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Obama and Europe

Gavin Hewitt | 11:29 UK time, Monday, 2 November 2009

Almost a year ago I stood in Chicago and watched a tidal wave of celebration cascade through Grant Park as the screens flashed up an Obama victory. An African-American had defied the weight of history and had become the most powerful man in the world.

It was not just an American night, it was a global event. I met young Brits and Europeans who had made the journey to say they were there the night America changed. I got texts from far-flung places with just three words: "Yes we can".

On that night it was easy to dream, but looking back at my report I wrote this:

"Briefly, he (Obama) stood alone between the bullet-proof panels; a foretaste of the loneliness of power; the certainty that the burden of expectations will be impossible to meet. So history turns. The torch passed last night to a man of high ideals who will face daunting challenges from his very first day in the White House."

Europe had got the president it wanted. Earlier I had watched 200,000 people turn out for Obama in Berlin. He was only a candidate, not even the nominee. The crowd yearned for a Kennedy moment with a young politician full of energy and high-ideals.

Tomorrow in Washington there is a summit between the Obama administration and the European Union. German Chancellor Merkel will address both houses of congress.

The love affair with Obama was always one-sided. Europeans wanted Obama; he
was less certain what Europe offered him.

For some Europeans the Bush years had been brutal. There was the snide reference to "old Europe" when there was a reluctance to support the Iraq invasion. Some Americans wanted to take the "French" out of fries. And then there was the New York paper that replaced the faces of the French and German foreign ministers with that of weasels. A spineless Security Council was branded the "council of weasels". Europe felt marginalised as America rode off alone to settle scores and fashion the world to its own design.

Obama, however, made Europeans feel included once again. He offered the hand of partnership. He signed up to multilateralism. It was only 11 days after he came into office that the Nobel Committee nominated him for the peace prize.

But as Obama's first year unfolded, old difficulties began to re-emerge.

Europe liked the early commitment to close Guantanamo Bay, although it remains in business.

It applauded the decision of the Obama administration to re-engage with Iran although uncertainty remains to what the new policy will deliver and whether Iran will send its stockpiles of uranium out of the country.

In the Middle East, Europe had wanted Obama to throw his prestige behind
peace talks but progress remains glacial and the administration has said that talks should not hinge on freezing Israeli settlements. Many European countries would
prefer Washington to take a tougher line with the Israelis.

On climate change, Europe prided itself that it was leading the world to get a deal in Copenhagen. At breakfast last week I heard a senior European official say: "We urged President Obama to show leadership... and he promised to make an effort."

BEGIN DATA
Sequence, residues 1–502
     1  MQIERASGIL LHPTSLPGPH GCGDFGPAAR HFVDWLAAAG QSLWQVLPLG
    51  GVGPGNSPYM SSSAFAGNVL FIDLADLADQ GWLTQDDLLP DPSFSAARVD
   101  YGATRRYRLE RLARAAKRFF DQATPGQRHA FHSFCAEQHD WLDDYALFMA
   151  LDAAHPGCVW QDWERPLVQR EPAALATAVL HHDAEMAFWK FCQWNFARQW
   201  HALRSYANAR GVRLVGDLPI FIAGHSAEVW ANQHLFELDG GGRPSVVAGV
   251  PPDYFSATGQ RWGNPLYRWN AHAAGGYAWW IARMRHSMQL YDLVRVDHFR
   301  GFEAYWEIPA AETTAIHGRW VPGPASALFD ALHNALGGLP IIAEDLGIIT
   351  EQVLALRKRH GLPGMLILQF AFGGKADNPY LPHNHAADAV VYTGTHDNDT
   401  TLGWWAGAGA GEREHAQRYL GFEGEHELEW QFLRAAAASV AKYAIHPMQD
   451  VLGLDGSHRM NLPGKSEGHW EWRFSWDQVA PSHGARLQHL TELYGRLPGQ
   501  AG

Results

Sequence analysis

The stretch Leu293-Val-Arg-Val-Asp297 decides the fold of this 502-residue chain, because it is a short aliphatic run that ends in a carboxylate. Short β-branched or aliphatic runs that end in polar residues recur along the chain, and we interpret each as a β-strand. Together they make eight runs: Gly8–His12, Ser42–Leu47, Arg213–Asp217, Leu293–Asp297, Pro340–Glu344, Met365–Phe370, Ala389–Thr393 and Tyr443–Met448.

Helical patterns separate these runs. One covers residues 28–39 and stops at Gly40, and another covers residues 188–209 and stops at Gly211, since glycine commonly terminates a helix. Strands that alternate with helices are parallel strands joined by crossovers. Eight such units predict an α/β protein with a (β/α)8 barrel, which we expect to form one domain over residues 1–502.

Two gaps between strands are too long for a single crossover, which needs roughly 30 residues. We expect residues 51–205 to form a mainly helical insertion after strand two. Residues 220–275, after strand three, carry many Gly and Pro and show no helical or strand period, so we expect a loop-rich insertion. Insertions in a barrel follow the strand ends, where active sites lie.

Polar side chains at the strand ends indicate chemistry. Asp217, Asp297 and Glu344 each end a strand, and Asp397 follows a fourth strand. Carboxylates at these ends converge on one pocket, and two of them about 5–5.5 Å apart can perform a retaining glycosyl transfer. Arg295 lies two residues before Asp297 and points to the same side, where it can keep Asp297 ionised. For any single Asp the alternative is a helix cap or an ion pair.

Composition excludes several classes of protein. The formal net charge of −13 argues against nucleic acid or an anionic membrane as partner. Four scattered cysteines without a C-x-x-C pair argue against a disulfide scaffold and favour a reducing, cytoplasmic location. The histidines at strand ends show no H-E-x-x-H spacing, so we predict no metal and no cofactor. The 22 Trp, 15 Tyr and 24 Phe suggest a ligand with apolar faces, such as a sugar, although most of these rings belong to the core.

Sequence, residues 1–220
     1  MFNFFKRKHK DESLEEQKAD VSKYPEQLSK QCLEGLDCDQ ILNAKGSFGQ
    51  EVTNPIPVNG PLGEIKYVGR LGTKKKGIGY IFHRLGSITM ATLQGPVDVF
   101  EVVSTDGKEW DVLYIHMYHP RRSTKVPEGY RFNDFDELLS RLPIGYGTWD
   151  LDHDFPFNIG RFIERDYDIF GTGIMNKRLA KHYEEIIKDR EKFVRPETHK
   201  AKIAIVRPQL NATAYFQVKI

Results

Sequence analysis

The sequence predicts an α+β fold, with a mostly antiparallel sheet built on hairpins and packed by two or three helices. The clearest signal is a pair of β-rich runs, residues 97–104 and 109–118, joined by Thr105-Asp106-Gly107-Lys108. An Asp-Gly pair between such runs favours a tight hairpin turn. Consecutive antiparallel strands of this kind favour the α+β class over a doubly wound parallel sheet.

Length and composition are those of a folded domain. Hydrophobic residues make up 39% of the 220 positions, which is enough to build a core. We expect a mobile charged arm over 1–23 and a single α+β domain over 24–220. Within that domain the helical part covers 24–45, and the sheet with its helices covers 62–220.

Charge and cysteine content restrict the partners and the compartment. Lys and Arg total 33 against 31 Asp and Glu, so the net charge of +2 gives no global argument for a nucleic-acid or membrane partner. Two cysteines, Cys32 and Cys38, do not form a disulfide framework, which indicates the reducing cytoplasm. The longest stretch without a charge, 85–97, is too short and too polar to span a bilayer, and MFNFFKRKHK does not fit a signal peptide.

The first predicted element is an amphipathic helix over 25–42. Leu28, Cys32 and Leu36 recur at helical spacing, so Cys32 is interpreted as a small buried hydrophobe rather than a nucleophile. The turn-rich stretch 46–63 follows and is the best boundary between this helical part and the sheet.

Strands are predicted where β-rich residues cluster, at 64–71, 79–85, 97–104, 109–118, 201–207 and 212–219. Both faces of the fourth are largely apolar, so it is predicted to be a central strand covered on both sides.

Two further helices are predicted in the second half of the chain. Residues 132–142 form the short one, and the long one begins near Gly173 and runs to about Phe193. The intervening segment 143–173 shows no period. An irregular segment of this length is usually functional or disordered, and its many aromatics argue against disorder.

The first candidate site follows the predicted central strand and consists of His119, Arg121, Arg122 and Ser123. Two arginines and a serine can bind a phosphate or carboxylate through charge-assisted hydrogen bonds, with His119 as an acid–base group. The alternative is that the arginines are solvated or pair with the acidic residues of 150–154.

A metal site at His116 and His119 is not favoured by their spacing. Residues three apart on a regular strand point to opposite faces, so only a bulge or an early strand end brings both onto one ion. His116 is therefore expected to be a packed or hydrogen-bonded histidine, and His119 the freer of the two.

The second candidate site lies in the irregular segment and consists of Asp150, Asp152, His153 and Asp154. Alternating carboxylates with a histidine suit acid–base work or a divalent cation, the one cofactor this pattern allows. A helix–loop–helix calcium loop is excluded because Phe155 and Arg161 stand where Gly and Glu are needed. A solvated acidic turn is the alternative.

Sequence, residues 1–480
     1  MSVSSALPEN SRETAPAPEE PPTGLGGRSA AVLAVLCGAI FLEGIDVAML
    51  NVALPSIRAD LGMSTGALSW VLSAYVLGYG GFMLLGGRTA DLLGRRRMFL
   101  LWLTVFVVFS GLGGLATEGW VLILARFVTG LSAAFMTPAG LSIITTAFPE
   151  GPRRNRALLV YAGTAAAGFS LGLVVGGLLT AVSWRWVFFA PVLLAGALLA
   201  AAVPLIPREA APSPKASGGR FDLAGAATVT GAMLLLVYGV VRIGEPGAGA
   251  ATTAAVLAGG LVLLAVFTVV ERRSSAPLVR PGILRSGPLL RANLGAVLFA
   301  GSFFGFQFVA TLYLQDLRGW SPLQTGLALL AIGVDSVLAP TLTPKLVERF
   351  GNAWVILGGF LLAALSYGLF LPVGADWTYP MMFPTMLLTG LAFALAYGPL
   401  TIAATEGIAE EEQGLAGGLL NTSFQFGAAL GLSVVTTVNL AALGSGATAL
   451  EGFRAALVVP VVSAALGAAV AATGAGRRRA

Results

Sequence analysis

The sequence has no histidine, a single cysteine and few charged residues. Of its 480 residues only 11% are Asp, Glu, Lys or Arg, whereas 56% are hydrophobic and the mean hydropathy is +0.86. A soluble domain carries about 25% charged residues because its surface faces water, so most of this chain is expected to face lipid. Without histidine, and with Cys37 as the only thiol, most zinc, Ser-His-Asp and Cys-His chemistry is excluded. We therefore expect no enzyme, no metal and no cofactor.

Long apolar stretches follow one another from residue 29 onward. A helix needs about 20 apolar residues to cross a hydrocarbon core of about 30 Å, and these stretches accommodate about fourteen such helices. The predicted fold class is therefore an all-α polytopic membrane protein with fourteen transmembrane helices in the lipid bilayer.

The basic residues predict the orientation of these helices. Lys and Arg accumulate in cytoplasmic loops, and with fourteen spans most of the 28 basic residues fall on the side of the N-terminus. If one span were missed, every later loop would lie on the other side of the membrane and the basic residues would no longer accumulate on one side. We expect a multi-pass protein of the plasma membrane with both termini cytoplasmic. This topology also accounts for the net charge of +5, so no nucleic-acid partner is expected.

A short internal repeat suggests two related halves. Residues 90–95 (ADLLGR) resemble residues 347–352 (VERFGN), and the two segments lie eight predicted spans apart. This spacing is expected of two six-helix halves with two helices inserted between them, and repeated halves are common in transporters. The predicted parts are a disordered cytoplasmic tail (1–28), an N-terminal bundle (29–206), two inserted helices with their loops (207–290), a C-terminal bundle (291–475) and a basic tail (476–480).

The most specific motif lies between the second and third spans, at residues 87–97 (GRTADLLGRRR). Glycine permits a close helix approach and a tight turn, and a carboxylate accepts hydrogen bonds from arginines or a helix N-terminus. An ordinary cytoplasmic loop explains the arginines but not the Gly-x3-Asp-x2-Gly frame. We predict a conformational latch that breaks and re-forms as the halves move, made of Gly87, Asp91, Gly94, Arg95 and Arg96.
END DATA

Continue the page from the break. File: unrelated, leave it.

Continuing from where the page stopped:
The Europeans have put some figures on the table as to the cost of fighting climate change but they have essentially fudged what they individually would stump up.
The reality is that in Washington climate change gets second billing to healthcare.
President Obama may not even travel to Copenhagen. One Member of the European Parliament, Joe Leinen, said: "The US is still looking inwards, while Europe is looking outwards." Old complaints are re-surfacing.

The key area of common interest is Afghanistan. After long being chided for unwillingness to commit forces the Europeans have over 30,000 troops in the country.
Yet Europe is essentially waiting on Obama to conclude his brain-storming sessions with his advisers. The fact remains that Europe has virtually no say in strategy.

A revealing analysis published today by the European Council on Foreign Relations goes straight to the point and asks whether Europe has wasted its Obama moment. It says that Europe got the President it wanted but Washington remains enormously frustrated with Europe to speak with clarity and conviction. "Washington is disappointed with Europe," it says, "and sees EU member states as infantile: responsibility shirking and attention."

The writers challenge Europe to develop their own strategy for Russia, for the Middle East, for Afghanistan if they want to be taken seriously.

And here's the dilemma. The European Union is focused on its new jobs, the President of the European Council and the High Representative for Foreign Affairs. To the apocryphal Henry Kissinger complaint that he did not know who to call in Europe, a senior official said last week that, in future, the call would be taken by the High Representative. But he or she can only reflect the views of the member states.

So there may be a new and popular president in the White House and Europe has not fallen out of affection with him but Obama, as presidents before him, finds Europe an uncertain partner. Whatever the institutional changes, Europe runs up against the old problem; the more they seek to speak with clarity, the more they risk diminishing the influence of the member states.


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